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People tell me that I look beautiful today, but I can only smile shakily in reply. My hair is fastened in an elegant bun, and I wear my best dress, but I hate fancy clothes. Whenever I wear a nice dress, it usually meant one thing: that I am going to a reaping. Alice, my older sister, turned 19 this year so she doesn’t have to worry. But my brother and I do. I’m seventeen years old, and he’s fifteen.
“Elizabeth,” Alice had said to me before we left the house. “How many times is your name in?”
“And how many other names are there?”
I pause before answering. “A lot,” I’d reply. She patted me on the head, like a dog.
“You have nothing to worry about. And Nathan’s name is only there four times! What are the chances of being picked?”
Now, I step over to the stage with my brother. The sky is a bright blue, just like the eggs I had once found outside by the orchard. A slight breeze plays with my hair, tugging a few strands out of place. Thousands of Peace Keepers standby, waiting for the slightest hint of rebellion. I watch as the future mentor of our soon-to-be tributes crosses the stage, along with Diane Orange. The cameras start rolling.
“Elle…” I glance over at Nathan to see him staring up at me with his big, worn eyes. “I’m scared.” He sounds like he’s ten years old. I slip my hand into his and pray.
“Welcome!” Diane Orange bellows into the microphone. “To the 68th annual Hunger Games! May the odds be ever in your favor!” She teeters over to the giant bowl of names and says, “Ladies first!” She slides her hand into the sea of paper, fishes around for the “lucky” slip, and pulls one out. District 9 waits with baited breath. I can’t breath. Dianne reads out clearly to the crowd: “Vivian Willord.”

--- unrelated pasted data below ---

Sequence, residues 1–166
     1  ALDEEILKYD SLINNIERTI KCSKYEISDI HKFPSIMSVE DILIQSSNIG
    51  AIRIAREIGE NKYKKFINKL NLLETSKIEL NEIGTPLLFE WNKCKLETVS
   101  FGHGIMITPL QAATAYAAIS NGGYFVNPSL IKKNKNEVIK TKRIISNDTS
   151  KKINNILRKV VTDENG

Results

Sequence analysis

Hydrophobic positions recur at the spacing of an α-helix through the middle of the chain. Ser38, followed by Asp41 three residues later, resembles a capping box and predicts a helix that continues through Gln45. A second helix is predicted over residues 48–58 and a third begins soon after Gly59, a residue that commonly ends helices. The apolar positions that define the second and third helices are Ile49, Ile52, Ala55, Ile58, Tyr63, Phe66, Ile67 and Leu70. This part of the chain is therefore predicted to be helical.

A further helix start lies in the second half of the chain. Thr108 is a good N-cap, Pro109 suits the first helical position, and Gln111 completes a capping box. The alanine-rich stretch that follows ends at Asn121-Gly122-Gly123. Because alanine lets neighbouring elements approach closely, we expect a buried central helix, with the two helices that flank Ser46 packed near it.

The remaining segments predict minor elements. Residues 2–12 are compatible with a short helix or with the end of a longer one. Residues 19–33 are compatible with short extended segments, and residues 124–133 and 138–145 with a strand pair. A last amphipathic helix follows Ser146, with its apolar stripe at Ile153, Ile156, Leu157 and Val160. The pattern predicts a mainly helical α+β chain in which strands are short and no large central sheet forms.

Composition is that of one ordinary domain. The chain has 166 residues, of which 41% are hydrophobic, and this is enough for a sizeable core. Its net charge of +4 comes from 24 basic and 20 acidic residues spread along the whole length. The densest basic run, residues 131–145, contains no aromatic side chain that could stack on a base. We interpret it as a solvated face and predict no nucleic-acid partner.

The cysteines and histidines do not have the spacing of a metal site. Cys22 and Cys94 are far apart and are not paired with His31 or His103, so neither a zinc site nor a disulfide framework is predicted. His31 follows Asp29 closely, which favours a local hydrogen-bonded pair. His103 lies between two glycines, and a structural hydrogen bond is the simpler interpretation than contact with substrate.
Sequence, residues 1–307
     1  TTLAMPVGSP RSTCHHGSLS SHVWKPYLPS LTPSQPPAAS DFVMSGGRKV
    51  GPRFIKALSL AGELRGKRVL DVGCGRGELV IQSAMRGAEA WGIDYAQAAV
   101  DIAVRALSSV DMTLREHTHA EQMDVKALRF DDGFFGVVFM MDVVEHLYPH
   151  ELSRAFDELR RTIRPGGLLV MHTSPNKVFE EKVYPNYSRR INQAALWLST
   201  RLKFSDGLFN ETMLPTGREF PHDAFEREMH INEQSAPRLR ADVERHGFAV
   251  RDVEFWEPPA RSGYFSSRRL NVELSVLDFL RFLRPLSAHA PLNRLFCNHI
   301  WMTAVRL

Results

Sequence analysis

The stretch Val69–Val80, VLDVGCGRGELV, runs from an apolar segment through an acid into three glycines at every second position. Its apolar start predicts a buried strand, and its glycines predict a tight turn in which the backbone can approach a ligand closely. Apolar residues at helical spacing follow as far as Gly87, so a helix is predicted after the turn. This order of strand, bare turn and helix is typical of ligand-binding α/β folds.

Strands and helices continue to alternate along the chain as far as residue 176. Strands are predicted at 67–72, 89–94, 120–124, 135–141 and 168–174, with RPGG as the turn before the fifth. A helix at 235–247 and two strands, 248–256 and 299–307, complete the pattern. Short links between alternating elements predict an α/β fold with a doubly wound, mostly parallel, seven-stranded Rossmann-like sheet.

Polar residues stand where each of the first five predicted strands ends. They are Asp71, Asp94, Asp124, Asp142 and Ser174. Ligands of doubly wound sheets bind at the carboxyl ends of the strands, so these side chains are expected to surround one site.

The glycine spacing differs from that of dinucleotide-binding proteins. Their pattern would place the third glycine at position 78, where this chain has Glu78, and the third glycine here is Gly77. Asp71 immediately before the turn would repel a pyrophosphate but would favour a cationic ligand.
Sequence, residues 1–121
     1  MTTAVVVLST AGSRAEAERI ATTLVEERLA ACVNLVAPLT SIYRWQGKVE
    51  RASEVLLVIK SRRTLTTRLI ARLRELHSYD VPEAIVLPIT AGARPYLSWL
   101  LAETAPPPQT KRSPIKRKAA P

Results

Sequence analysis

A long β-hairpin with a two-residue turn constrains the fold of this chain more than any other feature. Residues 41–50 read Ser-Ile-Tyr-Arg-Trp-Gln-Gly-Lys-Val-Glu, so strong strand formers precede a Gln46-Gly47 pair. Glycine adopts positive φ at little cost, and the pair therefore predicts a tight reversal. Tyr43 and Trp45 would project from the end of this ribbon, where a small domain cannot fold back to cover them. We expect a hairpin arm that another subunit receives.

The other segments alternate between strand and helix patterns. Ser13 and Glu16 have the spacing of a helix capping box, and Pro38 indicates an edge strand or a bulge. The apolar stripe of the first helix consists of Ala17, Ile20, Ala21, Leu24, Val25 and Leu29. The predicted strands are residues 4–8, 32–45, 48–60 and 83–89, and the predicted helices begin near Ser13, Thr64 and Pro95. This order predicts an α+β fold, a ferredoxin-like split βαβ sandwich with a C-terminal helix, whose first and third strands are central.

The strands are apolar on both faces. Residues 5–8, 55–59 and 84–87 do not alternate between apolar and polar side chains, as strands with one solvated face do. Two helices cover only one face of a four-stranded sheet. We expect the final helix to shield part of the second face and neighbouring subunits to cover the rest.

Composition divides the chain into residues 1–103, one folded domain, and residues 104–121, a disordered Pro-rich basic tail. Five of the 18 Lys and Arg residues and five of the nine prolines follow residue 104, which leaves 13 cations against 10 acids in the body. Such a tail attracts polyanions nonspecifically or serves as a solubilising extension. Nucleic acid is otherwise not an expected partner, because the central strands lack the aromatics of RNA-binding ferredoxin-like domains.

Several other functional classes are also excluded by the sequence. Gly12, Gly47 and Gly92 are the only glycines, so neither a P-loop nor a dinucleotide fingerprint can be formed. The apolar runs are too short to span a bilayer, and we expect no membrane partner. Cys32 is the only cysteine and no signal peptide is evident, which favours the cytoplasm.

I exhale with relief and immediately feel ashamed. A family will be grieving for months! Their daughter could live or become a killer! I solemnly watch a 13-year-old girl walk up the stairs of the stage. Her dark eyes look haunted, and I have to close mine to shake the image. There is not a sound, but every now and then a small whimper can be heard from the mother of Vivian Willord. I used to see the Willords everyday when I walked to school. I swallow hard and squeeze Nathan’s hand.
“Now for the gentlemen!” Dianne says, walking over the other bowl. She goes through the whole routine again, shifting through the fates of the boys of District 9. And she pulls out a slip of paper and reads out loud: “Nathan Maple.” My mind goes blank, but I am aware of my grip on my brother becoming vise-like. I can hear the gasp of my sister over the whispers of the entire district. I watch my brother step forward and feel only numbness. He joins Vivian on the stage.
“Nathan,” I whisper, but he cannot hear me.
“We have our tributes!” Dianne cheers, and steps aside so that the mayor can read the Treaty of Treason. Then Vivian and Nathan shake hands, and I have a feeling where it feels like I’m underwater: everything’s muted, my vision blurs and my legs feel like jelly. I helplessly survey my little brother being taken inside the Justice Building and know that after a quick good-bye, I will never see Nathan again.